Tuesday, December 18, 2007

Assignment NOLA:
A hypocrite and his mission to New Orleans

Satellite View of Katrina by NASA2

NASA photo

I used to think blogging was stupid and just for people with no life and plenty of disposable time on their hands.

What a hypocrite I was.

At least partially.

Blogging is not stupid. But bloggers must have disposable time available. I never had it when I was a student (who vigorously dedicated himself to academia while earning some cash in a part-time job or two on the side). But now that I'm a full-time employee (yes, with a real job), I have the time to waste.

So humor me, if you will.

Self-publication is a beautiful thing, especially when it comes in the form of self-promotion. But I'll try to keep that to a minimum. Blogging is a medium through which everyone can be a journalist. I consider myself a citizen journalist on The Offlede. I'm not doing this for money: I'm doing it for fun. (Note: Donations will be accepted.)

I've spent a lot of time thinking about what I wanted to do with this blog. Actually, I spend a lot of time thinking about everything. That's the problem: I waste all my time asking myself questions, but I rarely answer them promptly.

So I'm just going to wing it. I'm a journalist, and journalists have to make quick decisions. It's about time I live up to the description of my profession.

I'll try to make my work for The Offlede somewhat professional and, more importantly, partially meaningful.

That's why I'm starting with an assignment that should have great value.

More than two years ago, toward the end of August 2005, a powerful Category 3 hurricane struck the city of New Orleans and its surrounding parishes, as well as cities on the Mississippi Gulf Coast such as Biloxi and Bay St. Louis. Alabama also got hit during the storm's second landfall. Florida got nailed on the first.

A few thousand people died during
Hurricane Katrina and its immediate aftermath. Scores more died of injuries - physical and psychological - suffered during the storm. Countless people survived and told of harrowing experiences in its wake. Their lives had changed forever, many for the worst.

Through periodic blog updates on The Offlede - including photographs, occasional bad videos and a few words - I will document my trip to New Orleans and record my impressions of the Crescent City. I always have been intrigued by the Big Easy and its profound Cajun culture, especially the food. And the music reminds me of home, or at least a place that was near my old stomping grounds of Down East Maine: the Maritime provinces of Canada, especially Nova Scotia. The prominence that the fiddle and accordion have in Cajun tunes trigger memories of the French Canadian music I, as a child, listened to on Canadian radio waves.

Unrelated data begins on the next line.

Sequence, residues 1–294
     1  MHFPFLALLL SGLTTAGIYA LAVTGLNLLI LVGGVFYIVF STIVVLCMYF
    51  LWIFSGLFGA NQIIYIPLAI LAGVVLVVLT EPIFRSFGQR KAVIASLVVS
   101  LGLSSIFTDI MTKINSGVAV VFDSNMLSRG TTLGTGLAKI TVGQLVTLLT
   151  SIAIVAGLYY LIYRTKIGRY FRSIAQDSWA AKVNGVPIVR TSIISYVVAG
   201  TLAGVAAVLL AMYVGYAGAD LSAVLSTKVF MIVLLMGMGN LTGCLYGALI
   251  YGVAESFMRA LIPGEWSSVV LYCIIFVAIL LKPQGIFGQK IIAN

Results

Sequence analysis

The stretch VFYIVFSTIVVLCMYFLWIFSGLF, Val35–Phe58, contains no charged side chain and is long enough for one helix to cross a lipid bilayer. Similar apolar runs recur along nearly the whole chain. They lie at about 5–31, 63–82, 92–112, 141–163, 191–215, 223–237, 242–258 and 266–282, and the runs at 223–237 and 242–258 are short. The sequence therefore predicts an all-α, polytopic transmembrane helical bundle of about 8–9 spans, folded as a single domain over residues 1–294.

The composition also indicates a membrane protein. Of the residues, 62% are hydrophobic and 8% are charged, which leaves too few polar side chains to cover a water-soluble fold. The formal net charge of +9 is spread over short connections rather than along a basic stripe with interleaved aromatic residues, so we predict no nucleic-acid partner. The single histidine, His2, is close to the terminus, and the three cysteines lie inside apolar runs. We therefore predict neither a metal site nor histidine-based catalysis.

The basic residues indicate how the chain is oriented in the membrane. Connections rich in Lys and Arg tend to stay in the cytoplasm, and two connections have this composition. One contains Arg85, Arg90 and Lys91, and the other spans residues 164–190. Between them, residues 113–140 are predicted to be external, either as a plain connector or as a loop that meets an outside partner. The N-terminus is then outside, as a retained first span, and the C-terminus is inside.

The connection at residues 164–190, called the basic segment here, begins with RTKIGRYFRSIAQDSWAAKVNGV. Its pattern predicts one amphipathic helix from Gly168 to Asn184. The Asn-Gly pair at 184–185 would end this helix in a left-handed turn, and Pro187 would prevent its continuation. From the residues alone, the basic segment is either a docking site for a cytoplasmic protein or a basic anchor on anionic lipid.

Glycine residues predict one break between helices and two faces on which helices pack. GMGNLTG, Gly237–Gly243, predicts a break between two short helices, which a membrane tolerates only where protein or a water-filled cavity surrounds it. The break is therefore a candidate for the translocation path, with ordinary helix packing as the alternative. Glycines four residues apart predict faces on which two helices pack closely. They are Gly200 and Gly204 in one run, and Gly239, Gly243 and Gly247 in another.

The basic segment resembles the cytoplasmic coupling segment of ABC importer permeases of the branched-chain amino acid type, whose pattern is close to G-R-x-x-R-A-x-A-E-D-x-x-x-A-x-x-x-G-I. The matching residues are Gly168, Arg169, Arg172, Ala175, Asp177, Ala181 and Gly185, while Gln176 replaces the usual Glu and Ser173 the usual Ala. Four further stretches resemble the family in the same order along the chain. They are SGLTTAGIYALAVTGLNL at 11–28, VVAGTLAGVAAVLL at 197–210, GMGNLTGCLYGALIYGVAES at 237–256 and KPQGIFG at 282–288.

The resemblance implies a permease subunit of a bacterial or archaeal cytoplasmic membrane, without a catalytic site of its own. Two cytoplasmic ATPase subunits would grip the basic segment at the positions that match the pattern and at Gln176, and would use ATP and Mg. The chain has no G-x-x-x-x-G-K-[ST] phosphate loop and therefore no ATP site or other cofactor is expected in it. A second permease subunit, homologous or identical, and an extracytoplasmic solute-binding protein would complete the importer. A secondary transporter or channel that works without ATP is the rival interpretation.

I've always wanted to visit New Orleans, even after the storm. I'm on vacation now from my real job, so this is my chance.

*** Breaking it down ***
  • Assignment: A post-Katrina visit to New Orleans
  • Who: Me, my two cameras, my notepad, my mechanical pencils (because they work in the rain; pens don't)
  • What: Katrina's severity was downplayed by all levels of government before, during and immediately after it hit. Aid didn't pour into the city: It barely trickled. Conversely, the media hyped the death totals at first and sensationalized accounts of violence after the storm. Much of that could be attributed to poor communication infrastructure. And though they tried through spectacular accounts and horrific images, the media failed to direct the government's attention to the city at the most crucial junctures of disaster preparation and response. There was a lot of talk about the "Big One" hitting and flooding New Orleans. There was little action.
  • When: 7 p.m. Dec. 19, 2007, to 10 a.m. Dec. 22, 2007
  • Where: From Melbourne, Fla., to New Orleans, a 700-mile, 10-hour journey by highway (through the heart of Florida and over Interstate 10, which runs through the Panhandle and southern Alabama and Mississippi, and into New Orleans, where the road became the infamous flooded escape route for thousands of homeless New Orleanians after the storm)
  • Why: New Orleans is struggling to recover. Its people are depressed. And I can't get a good picture of the tangible and emotional destruction that still lingers. I read about it in newspapers. I hear about it and see it on "60 Minutes" and CNN. Anderson Cooper, whose stardom really was a product of the storm, tries to "keep them honest." But I still have no clue about the realities. The media portrayals are mixed: a good place to visit, as violence-ridden as ever, depressing, brave, terrified. I have to see for myself.
  • How: Mostly by foot, some by streetcar and bus, all with eyes wide open

Assignment NOLA home page

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